THURSDAY, July 12 (HealthDay News) -- Introduction of an abuse-deterrent formulation of OxyContin correlated with a significant reduction in its abuse, but was accompanied by an increase in abuse of other opioids and heroin, according to a letter published in the July 12 issue of the New England Journal of Medicine.
Theodore J. Cicero, Ph.D., from Washington University in St. Louis, and colleagues examined the effect of the introduction of an abuse-deterrent formulation of OxyContin using data collected from July 2009 through March 2012 from self-administered surveys, completed by 2,566 patients with opioid dependence, for which the primary drug of abuse was a prescription opioid. Qualitative data were collected from 103 of these patients.
The researchers found that there was a significant decrease in OxyContin as the primary drug of abuse, from 35.6 percent before introduction of the abuse-deterrent formulation to 12.8 percent 21 months later. This was accompanied by a slight increase in the selection of hydrocodone and other oxycodone agents and a marked increase in other opioids, including high-potency fentanyl and hydromorphone, from 20.1 to 32.3 percent. For all the opioids that were used by respondents to get high at least once in the past 30 days, OxyContin decreased from 47.7 to 30.0 percent of respondents, while heroin use nearly doubled. Twenty-four percent of patients interviewed had found a way to defeat the abuse-deterrent OxyContin and 66 percent had switched to another opioid, most commonly heroin.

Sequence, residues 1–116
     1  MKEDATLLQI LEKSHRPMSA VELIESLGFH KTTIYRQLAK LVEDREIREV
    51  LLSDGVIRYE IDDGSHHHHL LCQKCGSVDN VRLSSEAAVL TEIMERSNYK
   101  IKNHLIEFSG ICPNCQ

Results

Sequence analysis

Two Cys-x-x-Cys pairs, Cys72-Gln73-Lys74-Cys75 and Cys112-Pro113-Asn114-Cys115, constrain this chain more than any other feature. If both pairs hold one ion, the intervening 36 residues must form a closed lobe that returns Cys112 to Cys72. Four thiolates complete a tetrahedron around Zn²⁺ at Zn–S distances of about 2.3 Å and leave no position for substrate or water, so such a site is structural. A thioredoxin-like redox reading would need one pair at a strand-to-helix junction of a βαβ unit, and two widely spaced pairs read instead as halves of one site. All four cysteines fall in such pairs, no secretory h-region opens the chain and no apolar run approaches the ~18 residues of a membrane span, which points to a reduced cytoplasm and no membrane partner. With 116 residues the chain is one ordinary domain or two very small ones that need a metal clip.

"An abuse-deterrent formulation successfully reduced abuse of a specific drug but also generated an unanticipated outcome: replacement of the abuse-deterrent formulation with alternative opioid medications and heroin, a drug that may pose a much greater overall risk to public health than OxyContin," the authors write.
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